(A) Results from a cross-sectional survey conducted in a high transmission setting in Burkina Faso showing how the mean number of gametocytes per microlitre of blood (including 0s) changes with host age. The distribution of gametocytes among hosts is highly overdispersed. A full description of data used to fit the model are given in Figure 2—source data 1 with the best-fit parameter estimates shown in Figure 2—source data 2. The relationship between gametocyte density and oocyst prevalence shown in Figure 1A is used to predict the percentage of mosquitoes that will become infected after biting a host of a certain age. This is shown in panel (B), which can be interpreted as the contribution of each age group towards the human to mosquito transmission. In both figures, the black solid line shows the best-fit model and the grey shaded area indicates the uncertainty (95% Bayesian credible Interval, CI) having fitted the model to the individual data (a total of 412 individuals). For illustrative purposes, the data are grouped into seven bins, namely 0–5, 5–10, 10–15, 15–20, 20–30, 30–40, 40–50, and ≥50 year olds, and the size of the point is proportional to the number of individuals in the group. In Figure 1A, the 10–15 and 15–20 year groups appear lower than the best-fit line due to sampling artefacts generated by the highly overdispersed data. Vertical lines indicate the 95% CI around grouped estimates.

https://doi.org/10.7554/eLife.00626.006
Figure 2—source data 1

Description of the cross-sectional survey on 412 hosts carried out in Burkina Faso.

Asexual parasite density was estimated by microscopy while gametocyte density was estimated using QT-NASBA.

https://doi.org/10.7554/eLife.00626.007
Figure 2—source data 2

Parameter estimates for the age profile of gametocyte density and the force of infection.

https://doi.org/10.7554/eLife.00626.008

Tables

Table 1

Notation of statistical and mathematical models

https://doi.org/10.7554/eLife.00626.009
NotationDescriptionEquation
YTime to positivity (TTP) readout generated by QT-NASBAEquation 1
xKnown density of gametocytes per millilitre (generated using dilution series)Equation 1
lnx^Estimate of (unknown) gametocyte density on the logarithmic scaleEquation 2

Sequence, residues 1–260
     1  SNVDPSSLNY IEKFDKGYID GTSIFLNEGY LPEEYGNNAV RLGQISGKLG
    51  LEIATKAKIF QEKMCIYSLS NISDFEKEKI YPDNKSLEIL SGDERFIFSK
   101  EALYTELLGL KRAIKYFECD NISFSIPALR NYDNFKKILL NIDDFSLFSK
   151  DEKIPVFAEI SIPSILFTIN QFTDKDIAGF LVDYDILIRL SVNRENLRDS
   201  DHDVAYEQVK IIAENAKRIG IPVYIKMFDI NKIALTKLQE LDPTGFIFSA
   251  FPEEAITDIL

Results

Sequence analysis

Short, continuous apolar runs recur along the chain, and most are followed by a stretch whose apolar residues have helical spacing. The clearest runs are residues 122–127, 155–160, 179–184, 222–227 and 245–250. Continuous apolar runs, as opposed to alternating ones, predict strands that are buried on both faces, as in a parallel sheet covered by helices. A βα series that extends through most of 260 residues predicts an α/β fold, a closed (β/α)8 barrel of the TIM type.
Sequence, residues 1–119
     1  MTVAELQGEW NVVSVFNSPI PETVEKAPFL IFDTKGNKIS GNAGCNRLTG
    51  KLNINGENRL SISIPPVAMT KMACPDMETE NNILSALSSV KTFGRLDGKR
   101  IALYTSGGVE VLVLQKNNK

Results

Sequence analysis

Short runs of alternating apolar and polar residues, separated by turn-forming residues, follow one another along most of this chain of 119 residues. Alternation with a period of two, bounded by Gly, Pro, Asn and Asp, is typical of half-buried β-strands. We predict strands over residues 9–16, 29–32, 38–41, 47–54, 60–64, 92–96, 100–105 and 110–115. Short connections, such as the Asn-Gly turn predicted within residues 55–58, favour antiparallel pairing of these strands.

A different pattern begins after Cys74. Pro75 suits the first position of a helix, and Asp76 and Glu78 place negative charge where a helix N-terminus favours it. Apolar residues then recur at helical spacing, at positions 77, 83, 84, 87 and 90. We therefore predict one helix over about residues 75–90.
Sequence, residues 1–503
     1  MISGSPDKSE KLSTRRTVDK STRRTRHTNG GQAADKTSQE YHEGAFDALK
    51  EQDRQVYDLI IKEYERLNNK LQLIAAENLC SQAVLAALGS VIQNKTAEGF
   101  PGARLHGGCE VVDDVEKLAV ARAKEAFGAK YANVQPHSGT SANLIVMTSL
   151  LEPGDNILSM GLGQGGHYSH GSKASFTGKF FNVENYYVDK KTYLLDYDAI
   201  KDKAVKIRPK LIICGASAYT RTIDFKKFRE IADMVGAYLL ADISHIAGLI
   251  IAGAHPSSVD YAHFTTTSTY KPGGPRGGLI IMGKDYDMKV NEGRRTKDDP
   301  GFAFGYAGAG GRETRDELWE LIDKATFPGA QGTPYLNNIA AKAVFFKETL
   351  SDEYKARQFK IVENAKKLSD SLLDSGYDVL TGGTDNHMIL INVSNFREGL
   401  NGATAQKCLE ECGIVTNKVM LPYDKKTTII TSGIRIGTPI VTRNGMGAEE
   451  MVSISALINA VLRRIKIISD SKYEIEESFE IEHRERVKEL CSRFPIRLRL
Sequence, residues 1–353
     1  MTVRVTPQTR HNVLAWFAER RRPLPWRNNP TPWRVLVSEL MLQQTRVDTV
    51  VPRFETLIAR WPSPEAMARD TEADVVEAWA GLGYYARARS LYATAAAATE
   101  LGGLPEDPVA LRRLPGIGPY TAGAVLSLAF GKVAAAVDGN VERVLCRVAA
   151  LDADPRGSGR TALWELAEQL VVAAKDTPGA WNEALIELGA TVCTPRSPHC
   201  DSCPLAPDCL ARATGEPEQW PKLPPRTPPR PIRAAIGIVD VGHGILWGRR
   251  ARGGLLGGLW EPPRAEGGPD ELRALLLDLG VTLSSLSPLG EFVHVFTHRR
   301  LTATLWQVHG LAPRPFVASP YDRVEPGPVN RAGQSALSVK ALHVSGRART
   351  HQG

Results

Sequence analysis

x^Estimate of gametocyte density on the arithmetic scaleEquation 2
β0Intercept of the calibration line fitted to the dilution seriesEquation 1
β1Gradient of the calibration line fitted to the dilution seriesEquation 1
σ2Intra-assay variance measuring the accuracy with which the calibration line fits the TTP estimates from the dilution seriesEquation 1
gProportion of mosquitoes developing oocystsEquation 3
ϕ(x^,κ)Saturating function determining the shape of the initial relationship between gametocytes and the proportion of mosquitoes developing oocystsEquation 4
fi(x^)Function determining the shape of the relationship between gametocytes and proportion of mosquitoes developing oocysts. Subscript i indicates the functional form used, be it fα(x^)=α0+α1x^α2(1+α3x^α2), where constraining different parameters can generate a range of different shapes (constant α1 = 0, linear α2 = 1; α3 = 0, power α3 = 0, hyperbolic α1 > 0 α2 = 1 α3 > 0, or sigmoid α2 > 1) or fγ(x^)=γ0+γ1exp[γ2exp(γ3x^)],, which generates a Gompertz (sigmoid-like) functionEquation 3
μVector of regression coefficientsEquation 3
zVector of dummy variables denoting donor blood characteristics, z1 = asexual parasite density (0 = undetected, 1 = low, 2 = high), z2 = host age (0 = younger than 6 years old, 1 = 6 or older), z3 = study locale (0 = Burkina Faso, 1 = Kenya)Equation 3
h(A)Function describing how gametocyte density and the reservoir of infection change with host age (A). Shape determined by parameters τ, ψ, and ωEquation 5

Data availability

The following data sets were generated
  1. 1
The following previously published data sets were used
  1. 1
  2. 2